High gold prices and economic uncertainty have led to a surge in recycling of the precious metal in India, one of the world's largest consumers of bullion, industry sources say.
Eleven per cent of India's gold supply over the past five years has come from “old gold”, with consumers selling off or exchanging their jewellery for recycling, according to the World Gold Council.
“The gold recycling trend has grown in the past few years because, looking at the pricing of gold, it is increasing,” says Pramod Godha, a partner at Shantivijay Jewels, which has its store in Delhi and a factory in Mumbai.
Gold prices have risen more than 45 per cent over the past five years to about $1,827 an ounce. The metal is considered a safe haven and a hedge against inflation.
“When the gold price jumps, people tend to sell their gold holdings either to gain from the price rise or to avoid spending on new gold jewellery,” the World Gold Council said in its report.
India's economy took a beating during the coronavirus pandemic, as the country slipped into a historic recession in 2020 because of strict lockdown curbs. This economic environment also deterred many consumers from making gold purchases and prompted them to generate value from the holdings they had, jewellers say.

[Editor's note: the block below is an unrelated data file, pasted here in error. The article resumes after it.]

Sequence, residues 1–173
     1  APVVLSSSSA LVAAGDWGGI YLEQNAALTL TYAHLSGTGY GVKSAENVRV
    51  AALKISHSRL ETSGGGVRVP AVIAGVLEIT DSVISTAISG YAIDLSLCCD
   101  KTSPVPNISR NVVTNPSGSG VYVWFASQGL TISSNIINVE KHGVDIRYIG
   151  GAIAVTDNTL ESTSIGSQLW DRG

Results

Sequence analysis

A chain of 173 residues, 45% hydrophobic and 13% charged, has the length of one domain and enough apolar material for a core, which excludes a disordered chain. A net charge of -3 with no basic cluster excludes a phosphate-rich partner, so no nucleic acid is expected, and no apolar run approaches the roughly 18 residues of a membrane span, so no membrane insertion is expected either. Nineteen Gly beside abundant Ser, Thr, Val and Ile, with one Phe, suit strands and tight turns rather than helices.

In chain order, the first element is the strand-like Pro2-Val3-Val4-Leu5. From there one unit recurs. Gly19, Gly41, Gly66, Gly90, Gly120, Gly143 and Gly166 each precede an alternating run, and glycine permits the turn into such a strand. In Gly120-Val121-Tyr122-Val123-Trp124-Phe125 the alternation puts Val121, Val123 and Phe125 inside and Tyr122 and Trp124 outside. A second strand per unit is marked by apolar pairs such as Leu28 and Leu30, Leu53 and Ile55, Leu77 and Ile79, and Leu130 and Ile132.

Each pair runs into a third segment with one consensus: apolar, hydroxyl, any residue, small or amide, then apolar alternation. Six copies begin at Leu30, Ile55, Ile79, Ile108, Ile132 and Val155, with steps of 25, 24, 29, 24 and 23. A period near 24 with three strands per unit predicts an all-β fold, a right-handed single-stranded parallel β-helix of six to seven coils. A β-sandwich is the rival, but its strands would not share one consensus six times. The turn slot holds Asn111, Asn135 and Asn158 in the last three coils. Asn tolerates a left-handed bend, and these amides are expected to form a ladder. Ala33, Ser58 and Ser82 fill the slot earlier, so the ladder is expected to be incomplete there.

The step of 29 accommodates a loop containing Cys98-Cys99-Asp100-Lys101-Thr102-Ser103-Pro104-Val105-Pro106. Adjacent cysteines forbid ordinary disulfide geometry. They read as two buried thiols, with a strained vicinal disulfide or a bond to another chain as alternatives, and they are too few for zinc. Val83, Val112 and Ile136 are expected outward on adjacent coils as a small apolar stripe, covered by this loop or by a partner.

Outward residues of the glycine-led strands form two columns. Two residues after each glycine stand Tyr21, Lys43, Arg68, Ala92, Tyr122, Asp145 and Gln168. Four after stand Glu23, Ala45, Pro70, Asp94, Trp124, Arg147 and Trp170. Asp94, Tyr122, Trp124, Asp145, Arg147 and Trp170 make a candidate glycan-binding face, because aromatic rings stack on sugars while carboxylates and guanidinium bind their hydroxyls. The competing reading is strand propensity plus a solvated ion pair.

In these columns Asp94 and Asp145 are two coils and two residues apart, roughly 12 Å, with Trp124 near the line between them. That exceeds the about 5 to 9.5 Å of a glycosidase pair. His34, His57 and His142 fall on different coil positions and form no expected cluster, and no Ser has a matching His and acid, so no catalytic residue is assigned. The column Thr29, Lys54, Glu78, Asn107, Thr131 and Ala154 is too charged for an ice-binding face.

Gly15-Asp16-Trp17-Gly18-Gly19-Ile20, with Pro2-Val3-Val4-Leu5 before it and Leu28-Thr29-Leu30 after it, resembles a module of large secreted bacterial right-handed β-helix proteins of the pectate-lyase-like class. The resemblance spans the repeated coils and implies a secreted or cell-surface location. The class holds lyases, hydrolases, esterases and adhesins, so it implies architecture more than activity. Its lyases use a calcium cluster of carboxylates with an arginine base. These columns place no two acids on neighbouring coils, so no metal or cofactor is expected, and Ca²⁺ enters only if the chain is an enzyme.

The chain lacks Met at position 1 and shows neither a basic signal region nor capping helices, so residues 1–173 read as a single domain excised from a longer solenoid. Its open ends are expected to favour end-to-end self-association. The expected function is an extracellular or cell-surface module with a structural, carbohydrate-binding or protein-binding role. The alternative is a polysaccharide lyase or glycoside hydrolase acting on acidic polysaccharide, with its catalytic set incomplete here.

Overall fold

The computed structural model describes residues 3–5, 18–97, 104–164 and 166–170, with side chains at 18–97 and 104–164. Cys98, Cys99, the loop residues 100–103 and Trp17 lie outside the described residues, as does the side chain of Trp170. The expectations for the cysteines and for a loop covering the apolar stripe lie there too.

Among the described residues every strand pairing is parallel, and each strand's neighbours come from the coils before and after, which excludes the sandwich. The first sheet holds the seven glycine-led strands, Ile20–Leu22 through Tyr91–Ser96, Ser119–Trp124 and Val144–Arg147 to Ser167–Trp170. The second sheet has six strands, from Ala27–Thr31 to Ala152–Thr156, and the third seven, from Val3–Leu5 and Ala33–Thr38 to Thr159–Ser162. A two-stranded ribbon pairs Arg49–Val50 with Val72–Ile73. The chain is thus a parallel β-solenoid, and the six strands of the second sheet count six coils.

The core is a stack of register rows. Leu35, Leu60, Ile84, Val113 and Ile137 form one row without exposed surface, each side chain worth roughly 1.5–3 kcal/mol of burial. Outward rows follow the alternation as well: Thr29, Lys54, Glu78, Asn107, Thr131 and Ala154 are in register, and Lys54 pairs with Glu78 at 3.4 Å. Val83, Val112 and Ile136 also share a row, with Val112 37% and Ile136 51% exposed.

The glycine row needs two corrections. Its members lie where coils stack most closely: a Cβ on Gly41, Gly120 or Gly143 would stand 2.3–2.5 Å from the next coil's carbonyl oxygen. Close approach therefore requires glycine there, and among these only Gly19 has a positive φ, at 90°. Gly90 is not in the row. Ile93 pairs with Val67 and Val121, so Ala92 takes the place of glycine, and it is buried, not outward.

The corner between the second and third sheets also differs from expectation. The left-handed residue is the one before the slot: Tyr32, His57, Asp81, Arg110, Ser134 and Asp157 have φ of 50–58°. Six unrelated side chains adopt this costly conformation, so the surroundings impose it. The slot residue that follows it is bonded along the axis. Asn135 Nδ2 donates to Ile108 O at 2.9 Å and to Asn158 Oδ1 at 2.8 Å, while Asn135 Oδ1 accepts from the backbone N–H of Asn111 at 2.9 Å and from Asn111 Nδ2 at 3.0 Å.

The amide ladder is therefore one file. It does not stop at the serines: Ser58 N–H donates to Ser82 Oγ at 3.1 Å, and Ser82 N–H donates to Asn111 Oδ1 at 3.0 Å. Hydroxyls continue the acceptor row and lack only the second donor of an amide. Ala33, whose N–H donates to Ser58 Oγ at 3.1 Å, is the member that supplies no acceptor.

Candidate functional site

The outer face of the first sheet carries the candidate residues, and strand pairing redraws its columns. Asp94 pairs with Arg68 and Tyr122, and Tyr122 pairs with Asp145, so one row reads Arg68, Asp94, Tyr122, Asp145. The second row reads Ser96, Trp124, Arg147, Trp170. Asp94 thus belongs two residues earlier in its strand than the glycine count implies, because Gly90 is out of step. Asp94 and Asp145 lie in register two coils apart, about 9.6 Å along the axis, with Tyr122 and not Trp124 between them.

Gold recycling involves melting the metal and refining it into its purest form. This can be done using jewellery — which the vast majority of recycled gold comes from — and scrap gold.
India ranks fourth globally in terms of the quantity of gold recycling, with the country's refining capacity of the precious metal increasing by 1,500 tonnes, or 500 per cent, between 2013 and 2021, the World Gold Council said in a report this month.
“India’s demand for gold shows no sign of abating, and while demand outweighs supply, recycling will continue to be key,” authors of the report wrote.
The country's gold consumption had a resurgence last year, having been hit hard by the pandemic in 2020.
India's gold demand jumped to 797.3 tonnes in 2021, up from 446.4 tonnes the previous year, according to World Gold Council data. The majority of this consumption is in the form of jewellery, which accounted for 610.9 tonnes in 2021, while investments accounted for the rest.
Gold plays an important role in India culturally. It is an integral part of weddings and several religious festivals.
Many families in India also buy gold to store wealth outside the financial system. This has become widespread since many people in the country, especially in rural areas, also do not have bank accounts or access to lenders.